As a rule of thumb, I would suggest that here as elsewhere the Pope should be taken at his word. While the form is rhetorical, the substance is serious. The point is that the consequences of war are beyond calculation. We should consider soberly whether the use of force does, in fact, do what the Pope says. Above all, does it take the life of innocent people? Does it leave behind a trail of resentment and hatred? Does it make finding a just solution more difficult? These objections do not rule out resorting to force, especially in case of humanitarian intervention. They do imply that every effort must be taken to avoid the vastly unpredictable consequences of taking up arms.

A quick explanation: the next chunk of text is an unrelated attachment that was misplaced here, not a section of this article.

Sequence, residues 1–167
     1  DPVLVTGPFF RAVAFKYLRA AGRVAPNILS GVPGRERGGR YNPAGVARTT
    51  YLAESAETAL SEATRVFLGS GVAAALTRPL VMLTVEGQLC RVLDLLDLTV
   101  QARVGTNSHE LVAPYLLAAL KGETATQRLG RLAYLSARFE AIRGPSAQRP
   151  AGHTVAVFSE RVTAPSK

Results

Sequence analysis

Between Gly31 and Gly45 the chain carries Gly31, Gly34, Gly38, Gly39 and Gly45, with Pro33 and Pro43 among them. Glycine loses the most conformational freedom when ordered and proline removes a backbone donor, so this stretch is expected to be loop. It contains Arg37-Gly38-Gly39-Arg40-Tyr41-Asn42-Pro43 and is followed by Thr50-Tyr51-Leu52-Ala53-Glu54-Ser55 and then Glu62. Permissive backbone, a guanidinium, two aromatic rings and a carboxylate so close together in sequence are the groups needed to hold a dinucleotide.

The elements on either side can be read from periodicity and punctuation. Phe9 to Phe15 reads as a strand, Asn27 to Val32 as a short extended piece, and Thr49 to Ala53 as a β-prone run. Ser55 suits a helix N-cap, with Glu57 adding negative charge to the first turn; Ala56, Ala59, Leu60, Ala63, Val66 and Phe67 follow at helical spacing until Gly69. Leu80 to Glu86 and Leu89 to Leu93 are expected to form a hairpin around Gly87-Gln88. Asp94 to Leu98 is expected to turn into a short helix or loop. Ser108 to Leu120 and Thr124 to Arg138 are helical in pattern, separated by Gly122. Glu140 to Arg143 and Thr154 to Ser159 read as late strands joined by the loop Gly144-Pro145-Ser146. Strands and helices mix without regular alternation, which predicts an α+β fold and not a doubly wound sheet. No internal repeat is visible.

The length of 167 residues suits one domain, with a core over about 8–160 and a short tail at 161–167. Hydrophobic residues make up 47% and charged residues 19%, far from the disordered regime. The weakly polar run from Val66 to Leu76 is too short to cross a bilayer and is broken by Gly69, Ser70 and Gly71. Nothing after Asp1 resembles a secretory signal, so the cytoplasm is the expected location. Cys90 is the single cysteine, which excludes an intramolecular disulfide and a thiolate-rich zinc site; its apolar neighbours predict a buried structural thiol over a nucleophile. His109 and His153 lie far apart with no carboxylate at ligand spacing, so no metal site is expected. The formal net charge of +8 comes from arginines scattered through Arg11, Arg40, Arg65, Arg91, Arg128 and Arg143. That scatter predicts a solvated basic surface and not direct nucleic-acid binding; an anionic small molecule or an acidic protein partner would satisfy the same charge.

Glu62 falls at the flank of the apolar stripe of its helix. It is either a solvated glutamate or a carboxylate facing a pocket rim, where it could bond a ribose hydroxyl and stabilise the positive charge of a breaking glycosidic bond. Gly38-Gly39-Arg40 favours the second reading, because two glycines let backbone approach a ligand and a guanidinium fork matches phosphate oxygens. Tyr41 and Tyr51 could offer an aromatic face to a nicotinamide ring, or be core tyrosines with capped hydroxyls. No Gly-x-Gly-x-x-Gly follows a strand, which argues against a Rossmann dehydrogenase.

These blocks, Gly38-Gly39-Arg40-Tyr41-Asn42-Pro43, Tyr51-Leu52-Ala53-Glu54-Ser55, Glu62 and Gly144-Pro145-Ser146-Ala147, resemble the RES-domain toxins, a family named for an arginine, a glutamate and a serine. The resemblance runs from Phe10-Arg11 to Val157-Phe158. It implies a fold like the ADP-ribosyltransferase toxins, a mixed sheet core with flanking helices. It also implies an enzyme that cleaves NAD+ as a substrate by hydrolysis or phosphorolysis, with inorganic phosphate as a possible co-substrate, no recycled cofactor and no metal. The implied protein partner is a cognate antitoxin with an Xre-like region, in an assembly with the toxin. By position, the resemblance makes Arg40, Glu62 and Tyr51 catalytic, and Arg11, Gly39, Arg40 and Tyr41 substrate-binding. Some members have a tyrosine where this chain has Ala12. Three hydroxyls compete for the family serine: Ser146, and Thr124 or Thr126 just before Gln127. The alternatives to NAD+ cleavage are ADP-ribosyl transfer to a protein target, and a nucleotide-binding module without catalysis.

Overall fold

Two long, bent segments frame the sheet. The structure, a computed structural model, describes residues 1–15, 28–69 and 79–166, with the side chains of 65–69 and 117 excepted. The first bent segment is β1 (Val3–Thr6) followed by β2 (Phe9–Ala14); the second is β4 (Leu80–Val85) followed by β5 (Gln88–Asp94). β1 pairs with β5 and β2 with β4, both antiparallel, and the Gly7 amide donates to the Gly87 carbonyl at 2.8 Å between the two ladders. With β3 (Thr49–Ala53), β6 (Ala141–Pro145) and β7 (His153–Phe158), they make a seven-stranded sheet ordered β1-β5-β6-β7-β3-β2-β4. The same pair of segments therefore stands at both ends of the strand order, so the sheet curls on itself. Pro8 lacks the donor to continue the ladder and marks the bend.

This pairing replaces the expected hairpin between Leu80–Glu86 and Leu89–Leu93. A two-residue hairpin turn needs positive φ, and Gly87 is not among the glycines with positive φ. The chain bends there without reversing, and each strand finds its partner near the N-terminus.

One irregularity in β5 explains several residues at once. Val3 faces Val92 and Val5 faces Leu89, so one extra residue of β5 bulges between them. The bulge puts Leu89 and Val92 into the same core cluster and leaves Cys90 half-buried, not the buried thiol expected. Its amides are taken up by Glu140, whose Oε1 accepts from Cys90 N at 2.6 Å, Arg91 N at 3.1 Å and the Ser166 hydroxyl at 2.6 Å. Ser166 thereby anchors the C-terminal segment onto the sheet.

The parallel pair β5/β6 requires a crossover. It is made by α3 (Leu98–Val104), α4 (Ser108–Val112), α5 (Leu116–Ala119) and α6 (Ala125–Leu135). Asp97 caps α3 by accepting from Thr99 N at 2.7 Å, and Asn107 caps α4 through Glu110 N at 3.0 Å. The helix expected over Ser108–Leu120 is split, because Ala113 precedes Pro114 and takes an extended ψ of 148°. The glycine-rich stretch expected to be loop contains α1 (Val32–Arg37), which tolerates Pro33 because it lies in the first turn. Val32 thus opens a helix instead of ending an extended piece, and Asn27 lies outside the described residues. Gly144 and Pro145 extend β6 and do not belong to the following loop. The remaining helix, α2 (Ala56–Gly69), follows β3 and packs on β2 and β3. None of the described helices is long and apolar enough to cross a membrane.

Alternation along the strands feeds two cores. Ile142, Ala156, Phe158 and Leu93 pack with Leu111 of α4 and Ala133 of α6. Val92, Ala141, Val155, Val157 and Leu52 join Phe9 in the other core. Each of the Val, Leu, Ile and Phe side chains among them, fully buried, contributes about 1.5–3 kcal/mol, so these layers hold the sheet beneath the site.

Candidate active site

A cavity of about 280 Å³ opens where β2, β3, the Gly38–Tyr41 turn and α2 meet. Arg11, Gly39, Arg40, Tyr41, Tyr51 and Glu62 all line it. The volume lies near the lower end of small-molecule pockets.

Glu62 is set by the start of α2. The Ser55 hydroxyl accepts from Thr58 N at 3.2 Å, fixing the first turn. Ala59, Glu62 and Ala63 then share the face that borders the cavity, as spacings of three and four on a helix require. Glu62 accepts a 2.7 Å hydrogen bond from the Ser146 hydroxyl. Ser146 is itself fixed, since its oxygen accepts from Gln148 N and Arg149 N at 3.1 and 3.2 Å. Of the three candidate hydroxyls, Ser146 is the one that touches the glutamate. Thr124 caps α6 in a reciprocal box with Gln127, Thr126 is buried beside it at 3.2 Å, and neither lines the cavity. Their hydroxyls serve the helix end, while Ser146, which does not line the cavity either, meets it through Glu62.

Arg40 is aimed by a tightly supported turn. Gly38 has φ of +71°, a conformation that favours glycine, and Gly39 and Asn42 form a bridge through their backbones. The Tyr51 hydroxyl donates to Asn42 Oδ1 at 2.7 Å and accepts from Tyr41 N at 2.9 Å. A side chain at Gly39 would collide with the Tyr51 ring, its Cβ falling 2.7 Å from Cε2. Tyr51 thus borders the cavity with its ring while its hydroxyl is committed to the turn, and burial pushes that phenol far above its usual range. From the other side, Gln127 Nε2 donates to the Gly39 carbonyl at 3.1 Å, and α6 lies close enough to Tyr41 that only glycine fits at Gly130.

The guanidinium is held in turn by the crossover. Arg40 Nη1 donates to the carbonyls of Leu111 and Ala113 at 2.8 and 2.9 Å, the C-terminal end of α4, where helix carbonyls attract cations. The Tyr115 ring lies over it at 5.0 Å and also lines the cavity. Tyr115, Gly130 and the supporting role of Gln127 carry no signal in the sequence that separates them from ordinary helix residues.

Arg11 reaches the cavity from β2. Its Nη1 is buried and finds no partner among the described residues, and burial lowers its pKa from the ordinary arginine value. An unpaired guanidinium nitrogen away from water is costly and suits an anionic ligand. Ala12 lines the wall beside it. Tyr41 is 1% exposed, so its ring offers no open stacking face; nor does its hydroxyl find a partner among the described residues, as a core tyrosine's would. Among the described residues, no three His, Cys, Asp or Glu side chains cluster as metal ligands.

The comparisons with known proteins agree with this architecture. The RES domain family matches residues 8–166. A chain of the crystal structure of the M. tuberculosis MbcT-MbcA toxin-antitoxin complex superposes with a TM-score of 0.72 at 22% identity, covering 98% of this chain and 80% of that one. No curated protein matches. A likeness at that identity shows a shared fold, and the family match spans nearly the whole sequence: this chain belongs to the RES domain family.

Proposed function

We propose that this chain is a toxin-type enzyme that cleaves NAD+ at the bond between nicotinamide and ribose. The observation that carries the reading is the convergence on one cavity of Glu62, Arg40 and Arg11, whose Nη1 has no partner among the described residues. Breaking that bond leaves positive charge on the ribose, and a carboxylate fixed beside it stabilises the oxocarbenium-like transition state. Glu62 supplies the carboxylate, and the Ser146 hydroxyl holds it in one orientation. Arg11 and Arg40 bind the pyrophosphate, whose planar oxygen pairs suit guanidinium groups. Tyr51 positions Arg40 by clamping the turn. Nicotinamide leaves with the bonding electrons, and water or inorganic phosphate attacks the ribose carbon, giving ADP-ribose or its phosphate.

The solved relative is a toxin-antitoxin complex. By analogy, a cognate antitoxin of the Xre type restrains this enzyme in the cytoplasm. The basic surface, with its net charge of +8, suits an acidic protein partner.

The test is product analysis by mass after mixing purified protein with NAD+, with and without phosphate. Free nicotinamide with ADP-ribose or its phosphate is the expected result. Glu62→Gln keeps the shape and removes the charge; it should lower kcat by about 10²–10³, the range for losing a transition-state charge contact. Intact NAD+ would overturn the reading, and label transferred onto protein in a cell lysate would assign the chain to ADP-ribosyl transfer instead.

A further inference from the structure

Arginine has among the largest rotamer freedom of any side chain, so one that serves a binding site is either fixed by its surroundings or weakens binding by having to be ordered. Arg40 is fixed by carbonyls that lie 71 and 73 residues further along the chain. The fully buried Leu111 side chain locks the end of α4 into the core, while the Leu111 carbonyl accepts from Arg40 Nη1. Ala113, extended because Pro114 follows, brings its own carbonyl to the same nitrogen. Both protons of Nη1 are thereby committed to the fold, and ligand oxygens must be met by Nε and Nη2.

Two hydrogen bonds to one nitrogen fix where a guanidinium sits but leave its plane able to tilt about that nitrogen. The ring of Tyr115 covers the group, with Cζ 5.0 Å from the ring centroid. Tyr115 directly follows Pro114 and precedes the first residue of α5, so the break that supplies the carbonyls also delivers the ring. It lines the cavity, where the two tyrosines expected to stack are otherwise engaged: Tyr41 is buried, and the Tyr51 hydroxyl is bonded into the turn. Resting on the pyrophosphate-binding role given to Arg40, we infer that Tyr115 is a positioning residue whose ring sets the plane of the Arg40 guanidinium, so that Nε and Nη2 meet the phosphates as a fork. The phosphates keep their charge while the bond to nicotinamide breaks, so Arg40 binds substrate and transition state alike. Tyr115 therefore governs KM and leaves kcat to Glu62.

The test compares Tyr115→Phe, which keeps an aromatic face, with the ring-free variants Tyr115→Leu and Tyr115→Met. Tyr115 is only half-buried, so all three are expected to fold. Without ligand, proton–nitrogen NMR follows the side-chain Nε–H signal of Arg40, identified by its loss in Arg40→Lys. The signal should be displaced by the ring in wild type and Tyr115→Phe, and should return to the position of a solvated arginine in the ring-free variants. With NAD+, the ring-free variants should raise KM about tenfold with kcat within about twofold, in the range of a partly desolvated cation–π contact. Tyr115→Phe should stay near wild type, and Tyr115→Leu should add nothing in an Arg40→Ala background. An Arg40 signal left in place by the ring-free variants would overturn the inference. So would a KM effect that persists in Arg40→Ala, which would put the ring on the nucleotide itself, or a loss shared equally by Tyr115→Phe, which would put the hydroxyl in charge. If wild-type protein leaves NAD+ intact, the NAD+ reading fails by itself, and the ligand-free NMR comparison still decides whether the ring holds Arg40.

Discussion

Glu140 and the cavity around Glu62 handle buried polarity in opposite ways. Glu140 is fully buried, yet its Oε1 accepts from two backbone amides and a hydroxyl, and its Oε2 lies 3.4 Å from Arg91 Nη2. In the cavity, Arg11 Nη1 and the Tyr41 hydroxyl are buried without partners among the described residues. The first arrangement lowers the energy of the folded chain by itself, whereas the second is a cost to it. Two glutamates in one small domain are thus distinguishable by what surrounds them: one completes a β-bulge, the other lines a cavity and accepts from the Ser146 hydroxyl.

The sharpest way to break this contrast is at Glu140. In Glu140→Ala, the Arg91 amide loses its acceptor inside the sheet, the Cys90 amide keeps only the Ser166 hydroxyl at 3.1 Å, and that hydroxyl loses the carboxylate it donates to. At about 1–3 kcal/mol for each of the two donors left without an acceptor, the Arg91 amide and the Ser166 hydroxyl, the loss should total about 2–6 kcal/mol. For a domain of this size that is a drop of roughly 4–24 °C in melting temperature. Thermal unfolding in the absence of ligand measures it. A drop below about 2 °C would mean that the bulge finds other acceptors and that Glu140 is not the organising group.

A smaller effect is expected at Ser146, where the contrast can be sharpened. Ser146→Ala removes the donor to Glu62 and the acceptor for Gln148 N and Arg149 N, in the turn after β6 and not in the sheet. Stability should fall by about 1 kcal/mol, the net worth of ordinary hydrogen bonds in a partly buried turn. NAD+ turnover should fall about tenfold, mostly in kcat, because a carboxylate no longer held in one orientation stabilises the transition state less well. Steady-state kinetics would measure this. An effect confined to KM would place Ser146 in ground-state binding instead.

I have already cited Evangelium Vitae's endorsement of alternatives to war. That encyclical also paints war as part of "the structure of sin" evident in the emergence of "a culture of death." In this culture, because of the dissolution of solidarity and an excessive concern for efficiency, persons "who [compromise] the well-being or the lifestyle of those who are more favored [tend] to be looked upon as an enemy to be resisted or eliminated." Such is the case with innocent non-combatants in time of war. This conspiracy against life, as the Pope calls it, "involves not only individuals in their personal, family or group relationships, but goes far beyond, to the point of damaging and distorting, at the international level, relations between peoples and states."